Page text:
Date of Thesis

Summer 2021


This thesis investigates how mechanisms of colonization by aquatic insects, both by ovipositing adults and or larval drift, operate at either micro-, meso-, or macro-scales to influence larval community assemblage in streams. Our study took place in a forested floodplain stream characterized by uniform soft clay and loose detritus substrate. Within this study reach we built three sets of riffles, with each set comprised of three identical riffles built either 15, 10, or 5 m apart. We examined microscale influences on community assemblage by studying recruitment of egg masses to our constructed riffles. We found that riffle habitat additions were used by ovipositing insects and that oviposition behavior and habitat preferences varied across taxa. Mesoscale impacts on community assemblage were addressed by studying how riffle habitat isolation might impact total invertebrate abundance, along with aquatic insect taxa with different oviposition behaviors and larval mobility, within and below isolated riffle habitats. We found that impacts of habitat isolation in our stream were masked at the community level, as total invertebrate abundance did not vary significantly within or below isolated riffles; however, community composition varied by location. Oviposition behavior and larval mobility might be responsible for differences in community structure within and below isolated riffles, but discerning population dynamics requires further investigation. Finally, we focused on the macroscale impacts of habitat diversity on community assemblage by comparing invertebrate communities from mud habitat that was 2 characteristic to our study reach prior to our experiment with communities from our constructed riffles. We documented a 79% increase in taxa richness at the reach scale after adding riffle habitats to our study reach. We found mud and riffle habitats supported equally abundant and diverse communities of macroinvertebrates but with distinct taxonomic differences based on oviposition behavior and larval habitat preferences.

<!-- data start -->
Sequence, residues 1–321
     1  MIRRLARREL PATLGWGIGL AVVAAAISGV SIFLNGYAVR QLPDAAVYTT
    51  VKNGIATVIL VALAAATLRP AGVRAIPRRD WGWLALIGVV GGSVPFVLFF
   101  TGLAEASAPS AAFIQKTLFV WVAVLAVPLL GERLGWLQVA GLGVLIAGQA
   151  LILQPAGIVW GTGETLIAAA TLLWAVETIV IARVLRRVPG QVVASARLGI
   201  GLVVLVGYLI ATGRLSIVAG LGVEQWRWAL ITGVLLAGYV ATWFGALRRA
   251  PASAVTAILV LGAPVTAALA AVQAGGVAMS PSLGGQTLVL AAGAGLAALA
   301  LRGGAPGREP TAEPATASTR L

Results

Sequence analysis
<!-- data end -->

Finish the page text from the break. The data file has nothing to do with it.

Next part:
The results of these three studies suggest that benthic invertebrate communities in streams are influenced by processes operating at multiple life stages. In addition, abundance, distribution, and diversity of instream habitat directly influences abundance and composition of benthic invertebrate communities. Consequently, impairment of habitats preferred by adult or larval invertebrates could present barriers to colonization or population persistence within a stream. Therefore, stream restoration efforts aimed at recruiting and supporting diverse macroinvertebrate communities should include instream habitat diversity, including habitat for oviposition, amongst other primary concerns, such as water quality and best land-use practices. Furthermore, recovery of macroinvertebrate communities following restoration efforts that target improvements in water quality may not be fully observed if instream habitat quality and diversity remain low.


aquatic macroinvertebrates, instream habitat, community assemblage, oviposition, colonization dynamics, stream ecology

Access Type

Masters Thesis

Degree Type

Master of Science



First Advisor

Matthew E. McTammany